A short walk from the visitor centre takes you to the Major Oak. Up to 1,000 years old and with a 92ft canopy, it’s said that 20 people can fit within the hollows of its trunk.
There’s a six-mile trail from Sherwood Hideaway to the Major Oak, taking in St Mary’s Church in the village of Edwinstowe where, it’s said, Robin married Maid Marion.
On Sundays at Sherwood Hideaway an expert falconer leads one-hour walks (£15 per person) through the pine and birch trees around the lodges, giving guests an insight into Harris Hawks.
Occasionally, there are five-hour walks (£95 per person) where you get to fly birds of prey, and others where you are shown how to capture stunning images of them swooping through the treetops.
Our tranquil, two-bedroom ‘Woodland View’ lodge (no.14) occupied a prime location on the park, with the living areas facing the forest, and the only noise being birdsong.
The impressive decking ran the length of the lodge and featured rattan furniture (a cube dining set and corner sofa) plus that hot tub.
A door from the master bedroom to the decking meant you could tip toe to its rainforest shower without dripping through the living areas.
Spotless and spacious, the lodge was finished to a high standard throughout, with contemporary touches and high quality fixtures and fittings.
It included under floor heating, a dishwasher, four-poster bed, free wifi, an iphone dock, Nespresso machine, barbecue area and cycle rack.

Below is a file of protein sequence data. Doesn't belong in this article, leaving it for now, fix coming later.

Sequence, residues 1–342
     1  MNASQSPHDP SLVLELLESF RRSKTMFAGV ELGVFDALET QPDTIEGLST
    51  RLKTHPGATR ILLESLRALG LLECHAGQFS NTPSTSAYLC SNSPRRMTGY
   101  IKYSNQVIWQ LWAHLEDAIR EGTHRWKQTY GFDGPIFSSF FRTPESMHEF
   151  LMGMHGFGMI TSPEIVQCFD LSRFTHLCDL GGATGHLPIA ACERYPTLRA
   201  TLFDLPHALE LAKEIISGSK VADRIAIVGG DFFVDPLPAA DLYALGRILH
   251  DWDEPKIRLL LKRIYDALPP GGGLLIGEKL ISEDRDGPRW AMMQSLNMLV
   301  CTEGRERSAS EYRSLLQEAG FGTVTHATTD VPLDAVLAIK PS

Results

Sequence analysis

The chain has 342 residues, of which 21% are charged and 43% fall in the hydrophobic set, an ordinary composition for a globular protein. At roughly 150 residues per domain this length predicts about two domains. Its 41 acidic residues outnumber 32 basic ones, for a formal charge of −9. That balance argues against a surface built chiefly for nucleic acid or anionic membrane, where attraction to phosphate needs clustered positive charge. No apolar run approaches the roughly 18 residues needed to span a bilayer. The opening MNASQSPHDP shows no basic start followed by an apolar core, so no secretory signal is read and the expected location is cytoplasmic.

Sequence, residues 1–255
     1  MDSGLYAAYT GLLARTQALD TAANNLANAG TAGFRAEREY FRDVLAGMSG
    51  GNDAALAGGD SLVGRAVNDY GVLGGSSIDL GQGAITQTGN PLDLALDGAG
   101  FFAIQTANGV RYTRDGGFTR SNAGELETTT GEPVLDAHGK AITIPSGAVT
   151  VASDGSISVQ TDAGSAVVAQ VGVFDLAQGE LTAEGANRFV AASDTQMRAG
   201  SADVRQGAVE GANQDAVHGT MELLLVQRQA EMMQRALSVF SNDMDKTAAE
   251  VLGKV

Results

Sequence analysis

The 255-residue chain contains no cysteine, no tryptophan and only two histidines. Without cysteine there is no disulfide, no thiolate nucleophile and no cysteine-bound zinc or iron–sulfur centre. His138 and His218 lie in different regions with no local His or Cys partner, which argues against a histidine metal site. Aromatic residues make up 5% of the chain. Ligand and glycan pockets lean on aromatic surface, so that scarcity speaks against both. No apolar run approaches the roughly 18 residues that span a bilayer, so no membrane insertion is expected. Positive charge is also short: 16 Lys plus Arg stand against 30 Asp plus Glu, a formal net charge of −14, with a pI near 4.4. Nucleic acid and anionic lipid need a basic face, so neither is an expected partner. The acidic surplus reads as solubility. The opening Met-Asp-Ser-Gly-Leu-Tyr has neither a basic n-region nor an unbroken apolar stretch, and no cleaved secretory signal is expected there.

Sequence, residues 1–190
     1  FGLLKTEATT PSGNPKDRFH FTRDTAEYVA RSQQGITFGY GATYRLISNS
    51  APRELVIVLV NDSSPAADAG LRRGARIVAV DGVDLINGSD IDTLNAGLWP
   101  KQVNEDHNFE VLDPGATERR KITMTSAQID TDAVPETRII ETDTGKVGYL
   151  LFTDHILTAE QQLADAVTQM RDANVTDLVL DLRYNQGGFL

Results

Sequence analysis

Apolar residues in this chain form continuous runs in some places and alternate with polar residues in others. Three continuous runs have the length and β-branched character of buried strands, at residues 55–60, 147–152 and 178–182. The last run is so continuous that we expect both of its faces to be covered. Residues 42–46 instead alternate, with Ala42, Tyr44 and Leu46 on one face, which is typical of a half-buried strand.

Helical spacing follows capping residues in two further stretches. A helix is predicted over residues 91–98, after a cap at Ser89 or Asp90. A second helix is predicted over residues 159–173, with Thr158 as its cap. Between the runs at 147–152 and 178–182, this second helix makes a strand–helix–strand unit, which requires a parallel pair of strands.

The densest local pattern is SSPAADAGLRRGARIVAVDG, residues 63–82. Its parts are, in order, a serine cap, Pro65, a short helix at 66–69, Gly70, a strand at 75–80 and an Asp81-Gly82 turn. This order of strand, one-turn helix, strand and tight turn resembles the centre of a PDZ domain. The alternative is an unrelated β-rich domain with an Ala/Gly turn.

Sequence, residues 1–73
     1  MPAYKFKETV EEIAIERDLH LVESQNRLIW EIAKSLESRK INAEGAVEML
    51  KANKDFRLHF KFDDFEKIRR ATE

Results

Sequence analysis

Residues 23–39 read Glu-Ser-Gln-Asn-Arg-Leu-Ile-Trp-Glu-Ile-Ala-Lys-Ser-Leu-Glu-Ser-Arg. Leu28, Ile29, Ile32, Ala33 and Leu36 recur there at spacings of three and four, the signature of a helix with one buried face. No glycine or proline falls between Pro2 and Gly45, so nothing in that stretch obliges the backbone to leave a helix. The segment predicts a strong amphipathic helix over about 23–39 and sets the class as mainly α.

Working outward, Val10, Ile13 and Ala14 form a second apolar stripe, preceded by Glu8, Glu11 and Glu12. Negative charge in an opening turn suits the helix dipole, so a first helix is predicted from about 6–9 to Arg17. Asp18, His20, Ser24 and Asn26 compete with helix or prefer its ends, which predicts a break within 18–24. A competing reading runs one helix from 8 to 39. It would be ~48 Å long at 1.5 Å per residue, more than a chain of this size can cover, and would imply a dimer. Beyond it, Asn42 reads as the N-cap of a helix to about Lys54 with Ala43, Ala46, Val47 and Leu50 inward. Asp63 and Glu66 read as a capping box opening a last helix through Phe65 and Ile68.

In keeping with Robin Hood country, there was a box of posh chocs to Friar Tuck into and Molton Brown toiletries in the, er, Little John.
Would we return? We Sher-wood!
Adrian and family were guests of The Sherwood Hideaway in Sherwood Forest, where a four-night break starting September 16 starts at £674, based on up to four people sharing a two-bedroom Woodland View lodge, complete with hot tub. Dog friendly accommodation is available. For details visit www.sherwoodhideaway.com or call 01623 824 594.
Out & About
If you’re staying for longer than a weekend there are plenty more opportunities for days out near Sherwood.
- Clumber Park (14 mins): The National Trust estate boasts the world’s longest double avenue of lime trees, plus 20 miles of cycle routes, a serpentine lake and a Victorian pleasure ground.
- Creswell Crags (19 mins): Stone tools and animal remains dating back to the last Ice Age, between 50,000 and 10,000 years ago, have been found in this limestone gorge honeycombed with caves.
- Bolsover Castle (25 mins): An English Heritage property where you can enjoy wall walks, magnificent views and display a Cavalier horsemanship set to Baroque music in the Riding School.
- National Water Sports Centre, Nottingham (47 mins): Set in 300 acres of parkland there is a range of activities including water skiing, white water rafting, sailing, pond-skating and canoeing.
- Wollaton Hall, Nottingham (47 mins): This Edwardian mansion (Wayne Manor in a Batman film) is set within 500 acres of gardens and parkland and houses natural history and industrial museums.
Newspaper article here